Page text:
Rollergirl, she’s taking chances

In the late 70’s alls I wanted to do was rollerskate.  But I was a renter.  I had to skate twice as well to make up for it.  I remember week after week, as I paid my admission to Rollerland West or Silver Wheel or wherever, I would see those gleaming white skates with the pom poms available for purchase behind the counter.  How I longed for them!

Oh, my dad offered to buy me some skates for my birthday.  We even went to Sears and everything.  But the wheels all had writing on them, and I’d have none of that.  (What I did not realize was that when the wheels were in motion, you couldn’t see the words, you just saw the color.  The brilliant color!  Red or blue or sometimes green.)  So, when it mattered most, I never had my gleaming white roller skates.

I continued to rent until my step-grandmother, Grandma Doc, got me and my step-brother Eric ones that kind of looked like the tennis shoe skates but not really.  His were blue and gold.  Mine were rust and mustard.  I can see her thought process — blue is a boy’s color and rust was the color of Mrs. Garrett’s hair.

All my memories of skating are good ones, except this one time, when I was 8 or 9, Dad took Eric and I to an unfamiliar rink near his side of town.  Eric and I skated our separate ways, as this was before we bonded over lip-sync-ing to Billy Joel and forcing our hamsters to perform gymnastics.

At one point the DJ was like, “Clear the floor for the skate-dancing competition!” and I was all “Where do I sign up?”  But alas, it was for pairs.  The winning pair had this girl in it who was little and sassy and won the crowd over without having to skate particularly well.  She was everything I wanted to be!  (Back then I was really impressed by girls who were small for their age.)

I approached the girl after her victory lap and said congratulations.  It wasn’t weird or anything.

Well, not long after that, her two guy friends started harassing me and hurting my feelings.  I can’t remember what they said, but if it upset me back then, chances are it was either “That girl has dandruff” or “That girl just farted.”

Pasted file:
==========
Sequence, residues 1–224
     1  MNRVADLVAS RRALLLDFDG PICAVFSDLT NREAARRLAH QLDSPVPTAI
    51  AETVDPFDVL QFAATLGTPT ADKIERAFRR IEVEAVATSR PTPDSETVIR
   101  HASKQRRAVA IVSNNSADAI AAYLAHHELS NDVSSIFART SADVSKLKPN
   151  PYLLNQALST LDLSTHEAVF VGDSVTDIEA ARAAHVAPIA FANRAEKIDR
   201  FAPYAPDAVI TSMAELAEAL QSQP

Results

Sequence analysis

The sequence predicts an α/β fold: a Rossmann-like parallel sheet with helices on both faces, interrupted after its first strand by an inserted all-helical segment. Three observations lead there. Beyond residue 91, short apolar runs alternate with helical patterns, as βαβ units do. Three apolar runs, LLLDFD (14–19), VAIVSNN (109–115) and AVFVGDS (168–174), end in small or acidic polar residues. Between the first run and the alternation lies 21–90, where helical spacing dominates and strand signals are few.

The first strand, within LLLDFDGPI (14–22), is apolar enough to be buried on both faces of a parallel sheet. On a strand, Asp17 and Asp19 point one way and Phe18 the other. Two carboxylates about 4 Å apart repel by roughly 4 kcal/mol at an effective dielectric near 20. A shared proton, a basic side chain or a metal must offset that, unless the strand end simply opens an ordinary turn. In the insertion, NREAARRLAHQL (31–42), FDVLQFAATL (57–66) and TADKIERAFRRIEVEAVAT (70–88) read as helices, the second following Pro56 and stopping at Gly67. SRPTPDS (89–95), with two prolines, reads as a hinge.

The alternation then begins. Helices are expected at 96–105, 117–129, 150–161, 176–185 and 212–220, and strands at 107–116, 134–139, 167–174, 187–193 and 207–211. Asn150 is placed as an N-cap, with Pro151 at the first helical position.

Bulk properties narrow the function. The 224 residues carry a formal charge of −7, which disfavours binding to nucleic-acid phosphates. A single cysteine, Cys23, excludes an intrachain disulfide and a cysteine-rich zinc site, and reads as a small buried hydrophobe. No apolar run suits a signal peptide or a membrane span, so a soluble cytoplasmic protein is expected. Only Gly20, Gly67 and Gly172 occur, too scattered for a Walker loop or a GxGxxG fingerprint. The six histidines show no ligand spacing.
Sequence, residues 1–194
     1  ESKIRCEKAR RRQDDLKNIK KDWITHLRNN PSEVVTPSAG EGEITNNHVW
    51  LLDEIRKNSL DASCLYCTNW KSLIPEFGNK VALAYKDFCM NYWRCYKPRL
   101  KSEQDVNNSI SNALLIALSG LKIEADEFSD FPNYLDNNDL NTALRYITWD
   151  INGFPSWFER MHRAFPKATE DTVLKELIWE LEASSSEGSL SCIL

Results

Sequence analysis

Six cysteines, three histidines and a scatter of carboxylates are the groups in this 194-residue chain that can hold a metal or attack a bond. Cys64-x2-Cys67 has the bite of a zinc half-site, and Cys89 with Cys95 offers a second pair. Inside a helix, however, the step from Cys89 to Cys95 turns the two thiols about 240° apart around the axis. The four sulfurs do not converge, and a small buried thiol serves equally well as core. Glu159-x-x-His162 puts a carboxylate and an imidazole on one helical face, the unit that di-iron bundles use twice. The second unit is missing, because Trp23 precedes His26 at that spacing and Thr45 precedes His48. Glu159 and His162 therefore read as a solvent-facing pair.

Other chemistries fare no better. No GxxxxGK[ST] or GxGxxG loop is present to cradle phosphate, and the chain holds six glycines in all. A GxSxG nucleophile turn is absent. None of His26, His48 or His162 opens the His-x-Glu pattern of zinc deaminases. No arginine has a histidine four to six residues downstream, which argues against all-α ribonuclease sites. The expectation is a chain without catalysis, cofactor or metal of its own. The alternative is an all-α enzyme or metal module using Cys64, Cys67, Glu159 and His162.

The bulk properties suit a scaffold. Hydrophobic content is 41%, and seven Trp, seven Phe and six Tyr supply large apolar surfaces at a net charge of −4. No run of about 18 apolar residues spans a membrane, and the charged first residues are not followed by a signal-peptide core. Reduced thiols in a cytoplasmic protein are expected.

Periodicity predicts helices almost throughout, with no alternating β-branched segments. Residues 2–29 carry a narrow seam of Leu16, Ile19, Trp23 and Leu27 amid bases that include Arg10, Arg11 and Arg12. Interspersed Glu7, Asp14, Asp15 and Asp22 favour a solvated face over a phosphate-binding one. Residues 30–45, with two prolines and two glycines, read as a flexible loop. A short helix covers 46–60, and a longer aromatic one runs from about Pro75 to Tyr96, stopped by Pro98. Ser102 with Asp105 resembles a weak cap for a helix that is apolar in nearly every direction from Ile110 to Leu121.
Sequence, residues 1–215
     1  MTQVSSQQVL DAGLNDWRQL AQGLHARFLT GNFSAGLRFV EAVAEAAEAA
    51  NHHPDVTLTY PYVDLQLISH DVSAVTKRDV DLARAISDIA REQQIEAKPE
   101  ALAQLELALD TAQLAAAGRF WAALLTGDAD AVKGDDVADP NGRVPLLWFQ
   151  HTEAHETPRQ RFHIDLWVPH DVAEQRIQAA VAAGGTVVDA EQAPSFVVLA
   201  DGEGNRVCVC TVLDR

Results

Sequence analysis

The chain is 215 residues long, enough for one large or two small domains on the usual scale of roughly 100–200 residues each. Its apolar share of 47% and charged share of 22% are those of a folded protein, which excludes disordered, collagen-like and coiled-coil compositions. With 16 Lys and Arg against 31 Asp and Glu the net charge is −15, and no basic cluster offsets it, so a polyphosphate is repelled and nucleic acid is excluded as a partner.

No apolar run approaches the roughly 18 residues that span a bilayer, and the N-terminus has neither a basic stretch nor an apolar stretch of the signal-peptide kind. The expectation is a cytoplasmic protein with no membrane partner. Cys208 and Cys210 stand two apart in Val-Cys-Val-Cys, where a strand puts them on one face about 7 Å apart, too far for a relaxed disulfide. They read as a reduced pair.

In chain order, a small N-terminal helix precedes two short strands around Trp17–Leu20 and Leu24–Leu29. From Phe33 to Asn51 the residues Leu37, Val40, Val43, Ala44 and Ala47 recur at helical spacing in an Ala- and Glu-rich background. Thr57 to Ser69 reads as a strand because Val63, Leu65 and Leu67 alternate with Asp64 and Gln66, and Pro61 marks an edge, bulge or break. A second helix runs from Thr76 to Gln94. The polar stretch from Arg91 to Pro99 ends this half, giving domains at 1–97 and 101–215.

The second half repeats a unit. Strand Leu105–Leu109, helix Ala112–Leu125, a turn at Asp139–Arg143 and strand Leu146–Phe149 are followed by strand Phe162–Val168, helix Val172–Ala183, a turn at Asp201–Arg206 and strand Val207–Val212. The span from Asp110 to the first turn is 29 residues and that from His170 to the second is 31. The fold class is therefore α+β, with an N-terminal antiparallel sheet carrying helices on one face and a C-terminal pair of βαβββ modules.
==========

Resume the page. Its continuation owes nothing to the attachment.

Eric saw that I wasn’t enjoying myself.  I told him what had happened.  He immediately went to the manager, and when the manager dragged the kids over to me and asked if they were harassing me, I said no, it was fine.  I guess I thought they’d like me if I defended them — they’d see how cool I was and change their tune about me.  They did not.

Dad picked us up and asked us if we had a good time.  Eric launched into the story, and I said it was no biggie and acted like it was no biggie.  At the time I remember thinking what a jerk Eric was for involving the adults in my ordeal.  But now I think that’s just the kind of kid I hope my Johnny turns out to be.

To this day, I do not approach celebrities, even if they did something praiseworthy.  It kills me, but I consider the consequences.  I mean, I doubt Mark Knopfler or somebody would say I farted, but you never know.

So as an adult with a computer, I was happy to be able to buy the 3 pairs of skates pictured above. The tennis shoe ones are a size and a half too small.  One of the boot ones has white wheels.  I know, right?!  Still, I have been unable to even lift these out of this crate, except for ironic skating parties and ironic photos about my hoarding.

You are voting to get rid of at least 1 pair.